Further information is on the conference website.

Taking the People’s Agreement to the United Nations

Although the conference was held outside of the official UNFCCC process its final People’s Agreement was presented by Bolivia as an official submission to the negotiations in August. The Bolivian delegation has successfully ensured some of the proposals have been included in the official negotiating texts for the next annual meeting in Mexico at the end of 2010. However, this does not mean they will necessarily become part of the final global agreement. The People’s Agreement calls for rich nations to reduce their emissions by 50% by 2017 compared to 1990 levels while rich nations have put forward a target of 40% by 2020. The People’s Agreement states that temperatures should not be allowed to increase above 1° C whilst developed countries are pushing for limits of 1.5° C and 2° C.

Bolivia’s role in the negotiations

The UNFCCC negotiations are dominated by geo-political relations. The United States and China, at loggerheads, together are in fact responsible for 40% of global carbon emissions. Rich countries in North America and Europe, whose industrial development led to the high carbon emissions causing climate change, refuse to commit to reducing their emissions, unless fast developing countries such as China, India, Brazil and South Africa agree to reduce theirs. The poorer nations urgently demand immediate action as they are most vulnerable to the impacts of climate change. In this context Bolivia is trying to push the boundaries of negotiations in an attempt to make the final agreement more ambitious and consistent with the principles of climate justice.

The People’s Agreement provides a landmark in the process of climate change negotiations. Bolivia has played a key role in promoting the rights of indigenous peoples and along with others has defended the Kyoto Protocol, trying to ensure approval of an agreement which will seriously tackle the question of emissions and take on the costs of adaptation to climate change.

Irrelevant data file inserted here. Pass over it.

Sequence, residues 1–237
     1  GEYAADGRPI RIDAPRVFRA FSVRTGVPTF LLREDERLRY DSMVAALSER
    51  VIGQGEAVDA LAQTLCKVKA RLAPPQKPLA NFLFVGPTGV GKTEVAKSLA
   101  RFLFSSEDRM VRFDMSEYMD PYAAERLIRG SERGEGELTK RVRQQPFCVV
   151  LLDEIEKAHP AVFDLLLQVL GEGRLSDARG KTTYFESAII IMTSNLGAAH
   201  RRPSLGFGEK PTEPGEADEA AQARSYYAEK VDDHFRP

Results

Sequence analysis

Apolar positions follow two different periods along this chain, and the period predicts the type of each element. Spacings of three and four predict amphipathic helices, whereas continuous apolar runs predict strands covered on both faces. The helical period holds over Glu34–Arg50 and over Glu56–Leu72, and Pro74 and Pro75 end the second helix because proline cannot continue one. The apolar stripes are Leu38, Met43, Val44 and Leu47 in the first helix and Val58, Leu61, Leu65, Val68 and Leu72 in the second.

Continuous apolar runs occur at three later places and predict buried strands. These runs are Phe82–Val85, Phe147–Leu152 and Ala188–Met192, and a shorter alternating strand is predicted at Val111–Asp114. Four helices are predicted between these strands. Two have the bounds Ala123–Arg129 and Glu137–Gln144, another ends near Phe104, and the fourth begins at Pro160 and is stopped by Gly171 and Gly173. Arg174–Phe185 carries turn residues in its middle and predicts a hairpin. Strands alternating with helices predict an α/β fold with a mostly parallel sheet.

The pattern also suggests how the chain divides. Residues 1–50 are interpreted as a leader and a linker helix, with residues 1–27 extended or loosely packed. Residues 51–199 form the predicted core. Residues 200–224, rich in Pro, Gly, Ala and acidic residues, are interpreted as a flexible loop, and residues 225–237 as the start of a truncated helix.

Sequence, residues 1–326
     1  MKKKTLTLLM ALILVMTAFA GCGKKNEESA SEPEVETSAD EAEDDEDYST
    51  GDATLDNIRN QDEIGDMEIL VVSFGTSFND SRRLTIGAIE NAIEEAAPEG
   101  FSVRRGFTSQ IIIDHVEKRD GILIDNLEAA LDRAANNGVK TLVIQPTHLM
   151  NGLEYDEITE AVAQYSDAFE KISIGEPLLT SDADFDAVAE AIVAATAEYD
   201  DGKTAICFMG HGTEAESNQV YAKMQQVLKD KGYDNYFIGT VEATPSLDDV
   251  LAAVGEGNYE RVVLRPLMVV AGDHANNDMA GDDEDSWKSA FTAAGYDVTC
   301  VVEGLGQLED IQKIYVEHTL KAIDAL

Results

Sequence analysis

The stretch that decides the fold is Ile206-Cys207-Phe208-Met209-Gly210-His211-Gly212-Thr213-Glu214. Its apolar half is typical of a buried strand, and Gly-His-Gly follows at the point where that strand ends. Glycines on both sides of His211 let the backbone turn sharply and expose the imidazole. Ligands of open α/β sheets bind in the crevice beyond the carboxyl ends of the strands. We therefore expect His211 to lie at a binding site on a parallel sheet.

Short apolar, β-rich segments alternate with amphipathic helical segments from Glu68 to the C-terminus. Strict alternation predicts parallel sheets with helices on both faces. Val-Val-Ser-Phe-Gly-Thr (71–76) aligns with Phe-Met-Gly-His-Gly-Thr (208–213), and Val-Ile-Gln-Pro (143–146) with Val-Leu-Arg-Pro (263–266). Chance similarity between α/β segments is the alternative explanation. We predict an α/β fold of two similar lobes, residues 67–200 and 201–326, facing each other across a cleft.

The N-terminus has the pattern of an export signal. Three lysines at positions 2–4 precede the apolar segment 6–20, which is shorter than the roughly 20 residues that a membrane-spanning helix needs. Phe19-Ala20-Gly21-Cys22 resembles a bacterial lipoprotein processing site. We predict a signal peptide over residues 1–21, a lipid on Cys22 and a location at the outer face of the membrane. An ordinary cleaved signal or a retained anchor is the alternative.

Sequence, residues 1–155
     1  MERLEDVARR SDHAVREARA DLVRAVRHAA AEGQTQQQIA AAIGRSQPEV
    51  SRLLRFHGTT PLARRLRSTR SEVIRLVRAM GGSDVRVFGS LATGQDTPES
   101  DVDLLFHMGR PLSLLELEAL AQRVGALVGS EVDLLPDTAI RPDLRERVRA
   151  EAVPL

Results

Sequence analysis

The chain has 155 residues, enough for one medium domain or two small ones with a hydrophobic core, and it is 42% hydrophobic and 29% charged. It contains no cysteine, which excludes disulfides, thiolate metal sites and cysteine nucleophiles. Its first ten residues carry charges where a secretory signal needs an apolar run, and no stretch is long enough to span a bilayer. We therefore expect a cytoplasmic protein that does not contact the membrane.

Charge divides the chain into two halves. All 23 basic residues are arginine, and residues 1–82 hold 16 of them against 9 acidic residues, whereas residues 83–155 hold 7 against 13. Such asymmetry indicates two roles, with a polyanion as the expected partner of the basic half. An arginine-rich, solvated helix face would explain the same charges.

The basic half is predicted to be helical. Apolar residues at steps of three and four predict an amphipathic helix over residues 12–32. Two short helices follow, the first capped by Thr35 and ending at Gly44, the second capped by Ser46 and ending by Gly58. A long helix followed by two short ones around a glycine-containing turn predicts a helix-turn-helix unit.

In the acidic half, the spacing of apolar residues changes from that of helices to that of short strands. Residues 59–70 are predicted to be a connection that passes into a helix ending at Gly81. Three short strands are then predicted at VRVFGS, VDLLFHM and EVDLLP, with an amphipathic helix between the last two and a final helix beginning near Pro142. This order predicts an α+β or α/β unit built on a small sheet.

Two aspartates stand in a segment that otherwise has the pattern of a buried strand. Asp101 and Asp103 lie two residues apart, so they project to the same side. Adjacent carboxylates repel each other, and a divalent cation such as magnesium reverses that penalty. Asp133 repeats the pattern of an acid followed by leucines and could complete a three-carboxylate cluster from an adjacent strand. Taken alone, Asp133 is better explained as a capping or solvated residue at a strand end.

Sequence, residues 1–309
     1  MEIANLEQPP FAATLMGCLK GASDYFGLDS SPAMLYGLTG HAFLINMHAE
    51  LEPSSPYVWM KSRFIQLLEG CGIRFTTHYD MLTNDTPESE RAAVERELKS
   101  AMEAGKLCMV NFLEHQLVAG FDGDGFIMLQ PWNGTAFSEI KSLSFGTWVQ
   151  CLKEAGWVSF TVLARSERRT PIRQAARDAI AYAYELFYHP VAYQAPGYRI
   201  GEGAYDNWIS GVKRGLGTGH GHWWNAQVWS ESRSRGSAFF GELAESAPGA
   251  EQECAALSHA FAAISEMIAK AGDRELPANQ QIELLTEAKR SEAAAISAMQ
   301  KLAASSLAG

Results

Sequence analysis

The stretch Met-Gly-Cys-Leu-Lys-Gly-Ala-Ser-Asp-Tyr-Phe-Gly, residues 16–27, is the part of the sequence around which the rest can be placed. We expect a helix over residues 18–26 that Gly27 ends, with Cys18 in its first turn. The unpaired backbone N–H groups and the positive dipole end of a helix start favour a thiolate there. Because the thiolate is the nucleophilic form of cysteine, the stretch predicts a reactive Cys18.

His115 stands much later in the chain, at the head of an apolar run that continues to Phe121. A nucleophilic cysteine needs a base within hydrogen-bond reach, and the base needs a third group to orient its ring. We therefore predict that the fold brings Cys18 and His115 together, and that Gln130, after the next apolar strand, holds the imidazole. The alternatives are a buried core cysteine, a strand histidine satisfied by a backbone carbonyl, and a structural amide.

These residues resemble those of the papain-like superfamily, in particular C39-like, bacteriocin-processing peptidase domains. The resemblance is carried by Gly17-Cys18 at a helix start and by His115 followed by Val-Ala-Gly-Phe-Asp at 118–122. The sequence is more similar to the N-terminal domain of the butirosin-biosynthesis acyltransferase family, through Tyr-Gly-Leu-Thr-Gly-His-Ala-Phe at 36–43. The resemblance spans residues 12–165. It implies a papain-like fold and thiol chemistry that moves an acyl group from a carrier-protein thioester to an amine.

The possibility of Bolivia and other countries influencing the negotiations depends in part on the one country-one vote rule remaining in place. This allowed Bolivia (along with Tuvalu, Venezuela, Cuba and Nicaragua, amongst others) to prevent the Copenhagen Accord from being approved as an official UNFCCC agreement. There has been pressure put on some nations who did not sign up to the Copenhagen Accord, and in July 2010 some rich countries were talking of scrapping the one country-one vote system.

Bolivian civil society

Bolivia’s social and indigenous movements are taking an active role in pushing the Bolivian government to defend the environment at home. At the international level they are pushing for climate justice and promoting proposals for recognition of the Rights of Mother Earth and setting up of the Climate Justice Tribunal. Bolivia is already suffering the effects of climate change: rapid melting of glaciers in the Andes threatens water and electricity supplies; changing weather is jeopardising rural livelihoods and extreme conditions such as regional flooding and droughts are on the increase. Representatives of social and indigenous movements are attending the UNFCCC meetings to share their experiences of these impacts, showing the urgent need for us to live in harmony with the environment.

Bolivia Information Forum, Unit F5 89-93 Fonthill Road,